As designers and engineers continue to push the boundaries of high performance and lightweight design, the use of complex geometries and composite materials is growing. However, traditional composite manufacturing often requires the use of additional tooling and molds which can significantly increase the cost. In this study, a carbon fiber reinforced composite bike saddle is designed and manufactured to demonstrate a newly developed hybrid composite manufacturing process. Using a 3D printed epoxy to print the final part geometry and co-cure pre-impregnated carbon fiber reinforcement, the bike saddle can be optimized, designed and manufactured in less than 24 hours.
Compressibility In Fused Filament Fabrication
Fused filament fabrication (FFF) is one of the most accessible and flexible additive manufacturing processes. However, it is plagued by consistency issues related to material deposition. The role of compressibility is explored with an instrumented nozzle to relate the observed printing pressure to variations in deposited road widths. Variations in road width are analyzed relative to those predicted using a double domain Tait equation (PVT model) for high impact polystyrene (HIPS). Compressibility was found a critical effect, varying the road widths by up to 50% when accelerating and decelerating. The effect of the speed of transient stress propagation was also investigated but found insignificant.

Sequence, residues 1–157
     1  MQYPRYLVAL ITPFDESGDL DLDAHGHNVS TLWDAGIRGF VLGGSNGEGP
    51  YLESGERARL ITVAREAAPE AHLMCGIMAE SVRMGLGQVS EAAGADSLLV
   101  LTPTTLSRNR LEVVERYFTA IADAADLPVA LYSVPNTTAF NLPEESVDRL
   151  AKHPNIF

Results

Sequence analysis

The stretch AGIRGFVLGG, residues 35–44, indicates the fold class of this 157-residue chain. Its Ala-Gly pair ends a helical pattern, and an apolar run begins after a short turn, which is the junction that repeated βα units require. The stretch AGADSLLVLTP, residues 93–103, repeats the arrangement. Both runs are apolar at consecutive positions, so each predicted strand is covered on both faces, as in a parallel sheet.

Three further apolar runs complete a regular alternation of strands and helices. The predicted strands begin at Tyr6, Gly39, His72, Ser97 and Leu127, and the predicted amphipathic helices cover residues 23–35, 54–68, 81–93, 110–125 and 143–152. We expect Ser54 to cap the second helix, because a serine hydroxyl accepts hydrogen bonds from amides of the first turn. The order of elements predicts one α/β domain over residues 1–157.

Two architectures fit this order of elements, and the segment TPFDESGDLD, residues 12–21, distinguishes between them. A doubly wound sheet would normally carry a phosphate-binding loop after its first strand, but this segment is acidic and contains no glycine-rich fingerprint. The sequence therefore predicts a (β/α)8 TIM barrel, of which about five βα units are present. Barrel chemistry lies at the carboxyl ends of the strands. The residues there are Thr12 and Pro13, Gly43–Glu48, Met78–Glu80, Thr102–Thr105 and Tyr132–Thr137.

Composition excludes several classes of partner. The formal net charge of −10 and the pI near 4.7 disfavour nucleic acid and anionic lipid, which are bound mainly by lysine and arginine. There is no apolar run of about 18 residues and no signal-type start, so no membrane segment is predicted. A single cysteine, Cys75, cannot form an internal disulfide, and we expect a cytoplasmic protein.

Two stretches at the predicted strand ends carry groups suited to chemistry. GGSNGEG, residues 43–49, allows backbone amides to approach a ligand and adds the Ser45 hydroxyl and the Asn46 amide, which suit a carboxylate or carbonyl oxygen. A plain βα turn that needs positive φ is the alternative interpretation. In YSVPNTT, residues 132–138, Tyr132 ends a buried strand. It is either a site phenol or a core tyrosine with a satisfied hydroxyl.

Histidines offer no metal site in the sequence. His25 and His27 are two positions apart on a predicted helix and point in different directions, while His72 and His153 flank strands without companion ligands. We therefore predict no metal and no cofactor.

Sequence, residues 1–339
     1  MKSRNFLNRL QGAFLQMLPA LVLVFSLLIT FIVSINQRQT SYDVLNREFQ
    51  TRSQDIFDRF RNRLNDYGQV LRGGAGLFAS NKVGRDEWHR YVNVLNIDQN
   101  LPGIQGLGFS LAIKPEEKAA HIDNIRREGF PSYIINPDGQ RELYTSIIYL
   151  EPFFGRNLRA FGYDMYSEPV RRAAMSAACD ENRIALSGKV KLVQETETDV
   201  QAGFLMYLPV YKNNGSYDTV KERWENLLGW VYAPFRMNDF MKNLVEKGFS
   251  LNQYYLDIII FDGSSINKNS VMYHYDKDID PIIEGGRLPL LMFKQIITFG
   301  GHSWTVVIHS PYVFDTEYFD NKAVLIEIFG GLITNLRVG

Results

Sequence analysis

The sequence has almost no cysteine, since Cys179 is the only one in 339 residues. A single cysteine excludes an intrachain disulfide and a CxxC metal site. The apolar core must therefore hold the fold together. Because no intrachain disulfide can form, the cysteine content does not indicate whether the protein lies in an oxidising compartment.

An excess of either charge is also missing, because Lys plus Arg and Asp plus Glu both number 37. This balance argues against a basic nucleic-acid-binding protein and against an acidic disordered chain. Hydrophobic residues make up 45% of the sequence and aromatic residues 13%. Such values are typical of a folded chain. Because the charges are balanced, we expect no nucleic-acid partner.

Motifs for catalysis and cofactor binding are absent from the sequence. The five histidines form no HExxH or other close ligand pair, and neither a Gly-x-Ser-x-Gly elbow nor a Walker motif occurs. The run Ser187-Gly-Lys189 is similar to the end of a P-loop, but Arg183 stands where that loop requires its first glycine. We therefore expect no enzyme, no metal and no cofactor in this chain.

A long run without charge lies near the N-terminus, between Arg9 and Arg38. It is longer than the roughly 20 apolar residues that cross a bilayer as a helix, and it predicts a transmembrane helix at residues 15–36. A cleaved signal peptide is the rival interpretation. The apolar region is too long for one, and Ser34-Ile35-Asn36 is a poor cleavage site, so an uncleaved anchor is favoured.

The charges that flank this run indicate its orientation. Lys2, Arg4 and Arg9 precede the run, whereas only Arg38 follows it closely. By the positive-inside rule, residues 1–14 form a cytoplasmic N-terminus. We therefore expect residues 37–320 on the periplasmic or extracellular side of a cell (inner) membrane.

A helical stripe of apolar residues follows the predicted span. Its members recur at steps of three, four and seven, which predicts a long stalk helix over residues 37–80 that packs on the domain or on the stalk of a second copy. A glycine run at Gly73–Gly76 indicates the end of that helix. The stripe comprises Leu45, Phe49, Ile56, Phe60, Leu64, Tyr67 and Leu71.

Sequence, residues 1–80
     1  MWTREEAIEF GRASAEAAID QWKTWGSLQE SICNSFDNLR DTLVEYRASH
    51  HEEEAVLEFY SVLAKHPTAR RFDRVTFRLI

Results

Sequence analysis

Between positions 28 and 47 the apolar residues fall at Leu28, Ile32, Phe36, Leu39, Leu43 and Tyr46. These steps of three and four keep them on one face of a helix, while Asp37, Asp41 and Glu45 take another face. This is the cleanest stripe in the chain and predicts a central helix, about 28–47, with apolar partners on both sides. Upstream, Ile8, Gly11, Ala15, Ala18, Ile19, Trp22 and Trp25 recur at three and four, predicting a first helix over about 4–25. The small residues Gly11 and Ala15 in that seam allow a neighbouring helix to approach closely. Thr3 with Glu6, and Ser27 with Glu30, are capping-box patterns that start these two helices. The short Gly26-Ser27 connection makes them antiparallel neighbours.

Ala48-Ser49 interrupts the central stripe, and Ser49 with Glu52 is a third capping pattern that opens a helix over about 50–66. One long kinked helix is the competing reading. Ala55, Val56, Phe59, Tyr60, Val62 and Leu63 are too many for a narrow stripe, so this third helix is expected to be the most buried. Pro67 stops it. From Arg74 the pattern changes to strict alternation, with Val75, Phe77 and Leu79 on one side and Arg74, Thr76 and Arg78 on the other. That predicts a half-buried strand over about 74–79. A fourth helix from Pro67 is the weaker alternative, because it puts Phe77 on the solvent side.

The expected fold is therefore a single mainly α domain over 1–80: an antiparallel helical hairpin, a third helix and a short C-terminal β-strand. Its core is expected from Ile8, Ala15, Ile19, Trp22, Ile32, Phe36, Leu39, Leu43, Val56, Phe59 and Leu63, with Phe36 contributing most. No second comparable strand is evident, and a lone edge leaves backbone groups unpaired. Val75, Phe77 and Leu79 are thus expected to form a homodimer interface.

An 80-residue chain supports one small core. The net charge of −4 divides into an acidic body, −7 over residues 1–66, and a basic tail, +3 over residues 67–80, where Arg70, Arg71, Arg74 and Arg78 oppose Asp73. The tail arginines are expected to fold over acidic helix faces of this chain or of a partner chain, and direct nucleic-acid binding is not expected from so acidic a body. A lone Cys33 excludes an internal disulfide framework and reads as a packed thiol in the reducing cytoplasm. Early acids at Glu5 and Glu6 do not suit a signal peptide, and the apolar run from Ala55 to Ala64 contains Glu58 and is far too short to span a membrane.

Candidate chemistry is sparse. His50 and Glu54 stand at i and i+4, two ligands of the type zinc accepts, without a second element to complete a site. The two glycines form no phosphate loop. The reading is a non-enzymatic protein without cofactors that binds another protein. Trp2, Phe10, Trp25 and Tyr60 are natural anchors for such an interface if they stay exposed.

Design and Evaluation of Bicomponent Core-Sheath Die for 3D Printer Filament Feedstock Co-extrusion
Carbon based or inorganic fillers in 3D filament can enhance properties of 3D printed parts and are attracting considerable interest from academic and industry researchers, such as MarkForge, BASF, ColorFabb, and Graphene 3D Lab. Although 3D-tailored composites have been developed, very little work has been done on the production of advanced 3D filament feedstock for FDM. Work is needed on biomedical application filaments which require (i) high filler or nanoparticle loading, (ii) dimensional accuracy and (iii) superior surface finish. Current FDM filaments rarely exceed filler concentration of 10%, for example, in case of calcium phosphate without sacrificing quality. In this work, a melt-spinning die was designed with 2D FEM flow simulations to minimize interfacial flow instabilities. With the die, a co-axial 3D feedstock filament up to 20% filler concentration was spun. Tensile bars were successfully printed with 15% filler content and had similar tensile properties to neat PLA.